Crude oil prices inched higher, after the Energy Information Administration reported an inventory draw of 1.4 million barrels for the week to September 30. The EIA also reported large draws in fuel stocks.
The crude oil inventory change compared with a modest draw of 200,000 barrels for the previous week and it came after OPEC+ agreed a cut of 2 million barrels to daily production, which was also bullish for prices.
OPEC+ today agreed to reduce its combined production amid expectations of demand destruction because of the global economic slowdown, in an effort to prop up prices to more desirable levels.
The cut was larger than initially expected but in line with the latest reports from the OPEC+ camp ahead of the meeting that took place in Vienna today.
Oil price were already up strongly a day before the meeting, with analysts forecasting a production cut could push benchmark price back into three-digit territory as soon as the fourth quarter because of the already tight supply situation on international oil markets.
A day before the EIA published its weekly report, the American Petroleum Institute estimated crude oil inventories had shed 1.77 million barrels in the last week of September, with gasoline and middle distillate fuel inventories seen shedding even more in the reporting period.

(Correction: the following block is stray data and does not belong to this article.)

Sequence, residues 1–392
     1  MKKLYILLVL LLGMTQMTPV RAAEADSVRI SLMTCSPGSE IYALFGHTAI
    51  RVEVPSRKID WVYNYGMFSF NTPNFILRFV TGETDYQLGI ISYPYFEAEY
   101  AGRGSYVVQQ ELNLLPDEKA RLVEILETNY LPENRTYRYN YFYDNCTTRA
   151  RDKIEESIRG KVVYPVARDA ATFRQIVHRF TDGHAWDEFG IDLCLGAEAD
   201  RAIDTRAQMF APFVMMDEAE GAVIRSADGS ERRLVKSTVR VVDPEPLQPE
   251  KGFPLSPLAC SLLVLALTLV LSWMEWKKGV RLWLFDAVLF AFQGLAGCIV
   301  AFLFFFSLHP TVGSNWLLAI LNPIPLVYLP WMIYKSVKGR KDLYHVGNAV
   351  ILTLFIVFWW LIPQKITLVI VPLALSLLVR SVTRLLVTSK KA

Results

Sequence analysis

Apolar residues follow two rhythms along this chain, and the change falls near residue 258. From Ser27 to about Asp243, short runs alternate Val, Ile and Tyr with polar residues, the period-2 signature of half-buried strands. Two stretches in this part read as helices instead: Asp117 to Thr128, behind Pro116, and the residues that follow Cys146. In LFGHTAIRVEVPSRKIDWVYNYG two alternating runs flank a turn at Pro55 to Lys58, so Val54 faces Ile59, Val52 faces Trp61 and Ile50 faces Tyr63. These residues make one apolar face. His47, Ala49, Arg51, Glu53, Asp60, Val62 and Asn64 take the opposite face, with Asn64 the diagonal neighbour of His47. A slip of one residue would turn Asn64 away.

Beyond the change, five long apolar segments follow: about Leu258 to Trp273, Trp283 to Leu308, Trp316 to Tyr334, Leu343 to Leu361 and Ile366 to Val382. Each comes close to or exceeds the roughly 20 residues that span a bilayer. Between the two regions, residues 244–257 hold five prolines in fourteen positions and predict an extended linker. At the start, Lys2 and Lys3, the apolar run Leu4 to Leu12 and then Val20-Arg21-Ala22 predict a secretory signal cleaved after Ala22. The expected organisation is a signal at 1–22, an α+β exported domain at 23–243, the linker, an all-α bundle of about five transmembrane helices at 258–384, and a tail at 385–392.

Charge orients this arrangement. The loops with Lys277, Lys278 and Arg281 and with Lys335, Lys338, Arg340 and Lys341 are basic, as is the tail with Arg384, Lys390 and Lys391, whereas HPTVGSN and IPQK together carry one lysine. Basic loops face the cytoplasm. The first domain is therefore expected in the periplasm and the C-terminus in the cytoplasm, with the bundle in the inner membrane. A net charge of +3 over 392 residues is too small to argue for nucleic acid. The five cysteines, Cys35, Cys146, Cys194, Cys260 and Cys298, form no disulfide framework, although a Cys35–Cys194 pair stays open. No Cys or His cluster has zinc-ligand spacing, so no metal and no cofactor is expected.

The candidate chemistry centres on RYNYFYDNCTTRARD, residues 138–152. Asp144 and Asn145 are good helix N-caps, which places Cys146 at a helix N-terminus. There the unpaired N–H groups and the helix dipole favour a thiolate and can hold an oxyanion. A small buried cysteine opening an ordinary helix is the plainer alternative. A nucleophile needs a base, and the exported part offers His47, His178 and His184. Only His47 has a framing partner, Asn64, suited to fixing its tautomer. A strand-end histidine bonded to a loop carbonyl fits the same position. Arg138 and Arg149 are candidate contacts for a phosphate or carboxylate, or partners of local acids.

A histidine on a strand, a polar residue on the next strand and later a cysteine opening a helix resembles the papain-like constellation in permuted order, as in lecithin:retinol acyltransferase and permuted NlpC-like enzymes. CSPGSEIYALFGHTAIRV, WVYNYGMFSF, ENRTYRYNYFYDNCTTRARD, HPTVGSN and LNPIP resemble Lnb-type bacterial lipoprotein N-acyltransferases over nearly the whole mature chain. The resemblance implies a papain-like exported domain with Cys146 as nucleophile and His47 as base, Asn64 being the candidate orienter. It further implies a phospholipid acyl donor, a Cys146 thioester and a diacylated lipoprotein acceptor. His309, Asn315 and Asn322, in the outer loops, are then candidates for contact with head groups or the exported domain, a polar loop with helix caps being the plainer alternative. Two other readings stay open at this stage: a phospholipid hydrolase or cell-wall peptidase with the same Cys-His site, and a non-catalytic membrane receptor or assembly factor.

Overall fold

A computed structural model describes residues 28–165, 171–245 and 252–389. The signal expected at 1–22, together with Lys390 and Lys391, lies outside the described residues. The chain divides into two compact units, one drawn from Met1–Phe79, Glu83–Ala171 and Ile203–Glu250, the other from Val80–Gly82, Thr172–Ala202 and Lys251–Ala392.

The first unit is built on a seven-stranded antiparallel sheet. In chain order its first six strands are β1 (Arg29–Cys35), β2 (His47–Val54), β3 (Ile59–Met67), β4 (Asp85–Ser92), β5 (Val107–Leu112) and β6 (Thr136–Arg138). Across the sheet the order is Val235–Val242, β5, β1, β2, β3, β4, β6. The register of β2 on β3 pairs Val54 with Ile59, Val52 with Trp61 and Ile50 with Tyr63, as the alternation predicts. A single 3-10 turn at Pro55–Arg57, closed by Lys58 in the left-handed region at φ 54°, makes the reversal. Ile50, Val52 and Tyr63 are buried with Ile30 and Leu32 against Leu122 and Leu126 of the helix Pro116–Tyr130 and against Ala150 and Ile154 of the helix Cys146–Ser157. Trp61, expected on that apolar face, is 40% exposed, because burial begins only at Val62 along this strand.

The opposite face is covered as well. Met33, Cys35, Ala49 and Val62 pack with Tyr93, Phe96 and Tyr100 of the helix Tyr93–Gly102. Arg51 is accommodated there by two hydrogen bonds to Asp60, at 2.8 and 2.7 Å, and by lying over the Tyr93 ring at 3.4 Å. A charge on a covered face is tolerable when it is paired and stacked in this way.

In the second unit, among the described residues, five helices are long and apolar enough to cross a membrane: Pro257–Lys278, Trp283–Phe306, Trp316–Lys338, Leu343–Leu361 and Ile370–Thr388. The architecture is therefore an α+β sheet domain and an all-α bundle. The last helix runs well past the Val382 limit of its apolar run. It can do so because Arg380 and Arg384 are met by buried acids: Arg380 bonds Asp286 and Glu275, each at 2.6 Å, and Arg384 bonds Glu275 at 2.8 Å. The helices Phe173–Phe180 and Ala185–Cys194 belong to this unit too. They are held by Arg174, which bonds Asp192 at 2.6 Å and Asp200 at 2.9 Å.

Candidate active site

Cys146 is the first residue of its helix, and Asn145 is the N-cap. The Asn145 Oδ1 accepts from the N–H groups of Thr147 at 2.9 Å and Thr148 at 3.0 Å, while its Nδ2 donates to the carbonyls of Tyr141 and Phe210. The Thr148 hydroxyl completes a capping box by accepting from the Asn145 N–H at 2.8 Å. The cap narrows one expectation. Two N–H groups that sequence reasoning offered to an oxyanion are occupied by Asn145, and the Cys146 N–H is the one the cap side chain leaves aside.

Gasoline stocks were estimated to shed 4.7 million barrels in the last week of September, which compared with a draw of 2.4 million barrels for the previous week.
Gasoline production averaged 10 million barrels daily last week, which compared with 9.6 million bpd for the previous week.
In middle distillates, the EIA reported an inventory decline of 3.4 million barrels for the week to September 30, which compared with a decline of 2.9 million barrels for the previous week.
Middle distillate production averaged 5.2 million barrels daily last week, which compared with 5 million bpd a week earlier.
By Irina Slav for Oilprice.com
More Top Reads From Oilprice.com:
- OPEC+ To Cut Oil Production By 2 Million Barrels Per Day
- China Is Reselling U.S. LNG To Europe For Big Profits
- The LME Is Carefully Considering A Potential Ban On Russian Metals